Among the many things that separate biblical Christianity from every religious belief system, two truths stand out to me as wonderfully significant. The first is that our infinite God and Creator has communicated directly to us, His created finite beings, through His Word—the Bible. The second is that we are told throughout His Scriptures that not only can we know about Him, but we can also have a personal, intimate relationship with Him. Every born-again Christian knows this to be true because God said so and because it has been his or her own experience as believers in Jesus Christ.
The very concept of those biblical truths is astonishing to people who follow the world’s various religions. Why? For one thing, those followers are given insufficient information about the gods they are to worship, and therefore they can never develop a personal relationship with them. Some teach that their gods can’t be known but only experienced in a completely subjective way. This removes any objective means of discerning whether or not what is taught about their gods is true. Moreover, the spiritual information is produced and received through completely subjective means, such as intuition, experiences, hunches, altered states of consciousness, inspiration, guesses, speculations, feelings, etc.
Let’s think about the personal relationships we have with our spouses, parents, or children. These will be formed based upon how well we really know the individuals involved and the kinds of experiences we have with them, i.e., whether they are good or bad. If we have little close contact with them, we probably won’t have much of a relationship. No matter how weak or strong our relationships are, however, they must also be defined by truth—in other words, are we certain that our knowledge of a person is accurate?
As related to the Lord, all of these issues are answered by the God of the Bible. From Genesis through Revelation we read of our God, our Creator, communicating and communing with His creation! John 14 describes the personal relationship a believer has with the Godhead (Father, Son, and Holy Spirit): “Even the Spirit of truth; whom the world cannot receive, because it seeth him not, neither knoweth him: but ye know him; for he dwelleth with you and shall be in you. . . . He that hath my commandments, and keepeth them, he it is that loveth me: and he that loveth me shall be loved of my Father, and I will love him, and will manifest myself to him. . . . If a man love me, he will keep my words: and my Father will love him, and we will come unto him, and make our abode with him.” And “that which we have seen and heard declare we unto to you, that ye also may have fellowship with us: and truly our fellowship is with the Father, and with His Son Jesus Christ” (John:14:17, 21, 23; 1 John:1:3). Compare that with all the religious belief systems throughout the world. There you will find neither true relationship nor fellowship!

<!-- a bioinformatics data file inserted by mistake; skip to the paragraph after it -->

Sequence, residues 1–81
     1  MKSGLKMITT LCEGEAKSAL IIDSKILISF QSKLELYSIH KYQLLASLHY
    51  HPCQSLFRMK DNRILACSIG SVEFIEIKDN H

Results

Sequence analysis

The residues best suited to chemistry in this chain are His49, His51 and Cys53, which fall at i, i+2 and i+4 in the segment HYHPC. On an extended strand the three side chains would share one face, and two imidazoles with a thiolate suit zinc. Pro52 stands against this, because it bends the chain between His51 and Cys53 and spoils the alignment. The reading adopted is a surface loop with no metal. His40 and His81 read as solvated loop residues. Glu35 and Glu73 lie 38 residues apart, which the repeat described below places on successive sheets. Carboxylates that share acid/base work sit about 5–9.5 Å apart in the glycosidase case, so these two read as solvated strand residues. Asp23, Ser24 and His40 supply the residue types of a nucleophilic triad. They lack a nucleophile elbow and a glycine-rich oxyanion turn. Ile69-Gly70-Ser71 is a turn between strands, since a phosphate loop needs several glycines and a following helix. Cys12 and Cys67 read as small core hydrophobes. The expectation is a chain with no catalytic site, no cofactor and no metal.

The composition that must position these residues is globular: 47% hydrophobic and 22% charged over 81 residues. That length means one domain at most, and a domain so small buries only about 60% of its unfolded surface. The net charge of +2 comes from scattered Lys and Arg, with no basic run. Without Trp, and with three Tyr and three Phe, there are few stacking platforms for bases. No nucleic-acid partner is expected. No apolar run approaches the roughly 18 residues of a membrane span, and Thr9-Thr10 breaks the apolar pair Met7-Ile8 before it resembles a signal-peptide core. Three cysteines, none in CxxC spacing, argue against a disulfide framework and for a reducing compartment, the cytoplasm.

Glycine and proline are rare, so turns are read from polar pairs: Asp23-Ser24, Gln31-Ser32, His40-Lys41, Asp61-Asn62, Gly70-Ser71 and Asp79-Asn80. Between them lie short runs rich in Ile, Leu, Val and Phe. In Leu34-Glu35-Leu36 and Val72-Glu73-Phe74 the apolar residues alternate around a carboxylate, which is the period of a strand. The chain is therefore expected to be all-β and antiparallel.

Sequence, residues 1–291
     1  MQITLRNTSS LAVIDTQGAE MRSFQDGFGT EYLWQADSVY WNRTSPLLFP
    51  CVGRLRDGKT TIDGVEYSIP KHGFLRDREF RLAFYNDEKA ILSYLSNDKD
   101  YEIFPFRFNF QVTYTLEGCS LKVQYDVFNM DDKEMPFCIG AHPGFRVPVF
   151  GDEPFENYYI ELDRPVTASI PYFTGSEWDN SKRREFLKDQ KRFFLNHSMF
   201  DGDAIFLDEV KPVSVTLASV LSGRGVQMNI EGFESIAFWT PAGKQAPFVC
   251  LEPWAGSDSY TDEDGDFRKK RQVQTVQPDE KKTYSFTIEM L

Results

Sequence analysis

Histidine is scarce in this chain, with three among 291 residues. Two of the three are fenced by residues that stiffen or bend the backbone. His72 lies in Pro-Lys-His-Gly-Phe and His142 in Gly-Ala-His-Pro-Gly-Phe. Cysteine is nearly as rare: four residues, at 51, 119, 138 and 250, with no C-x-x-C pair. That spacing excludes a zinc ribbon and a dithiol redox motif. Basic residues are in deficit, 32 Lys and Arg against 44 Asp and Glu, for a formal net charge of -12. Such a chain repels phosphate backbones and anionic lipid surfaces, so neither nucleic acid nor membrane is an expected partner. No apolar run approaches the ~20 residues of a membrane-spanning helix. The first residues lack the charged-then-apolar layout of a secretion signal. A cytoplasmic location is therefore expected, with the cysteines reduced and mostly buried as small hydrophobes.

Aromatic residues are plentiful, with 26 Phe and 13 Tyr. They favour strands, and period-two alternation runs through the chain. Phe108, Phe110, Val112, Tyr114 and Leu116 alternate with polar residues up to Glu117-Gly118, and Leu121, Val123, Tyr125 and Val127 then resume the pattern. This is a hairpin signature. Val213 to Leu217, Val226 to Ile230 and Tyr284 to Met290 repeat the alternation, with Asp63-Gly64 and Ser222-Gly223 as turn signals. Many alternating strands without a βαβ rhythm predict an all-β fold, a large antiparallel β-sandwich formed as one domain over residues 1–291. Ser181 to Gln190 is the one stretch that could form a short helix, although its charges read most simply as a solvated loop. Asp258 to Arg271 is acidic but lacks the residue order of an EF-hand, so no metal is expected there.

Jesus, who is God manifested in the flesh, has revealed to us exceeding knowledge of the Father throughout His Word: “He that hath seen me hath seen the Father” (John:14:9). That knowledge is found in page after page throughout the Scriptures. And His revelation is absolutely true, as Jesus declared in His prayer to His Father: “Sanctify them through thy truth: thy word is truth” (John:17:17). John the Apostle underscored the importance of the truth revealed in God’s Word when he declared: “And he [John] that saw it bare record, and his record is true: and he knoweth that he saith true, that ye might believe” (John:19:35).
Although the Bible tells us that everyone who puts his faith in Jesus Christ begins a personal relationship with Him, that relationship can be subject to many hindrances. Refraining from the continual reading of His Word inhibits a growing relationship with Jesus among those who profess to be Christians and is a major problem today. To develop an intimate relationship with Jesus we must read the Scriptures, throughout which He is revealed in depth. It’s in those details that we can discern whether or not the Jesus we are following is the biblical Jesus.
The sad truth is that although much of the world and its religions pay homage to Jesus, it isn’t to the biblical Jesus. Many professing Christians, as well as truly born-again believers, are unwittingly following a counterfeit Jesus Christ. Those who have never come to know Jesus through a spiritual rebirth cannot know Him (1 Corinthians:2:14), but what of those who entered into a true relationship with Him at one point? The writer of Hebrews (2:1) warned the believers in that epistle that they should be careful not to let what they knew about Jesus “slip.” Jesus admonished the believers in the church at Ephesus for slipping away from Him—their “first love” (Revelation:2:4).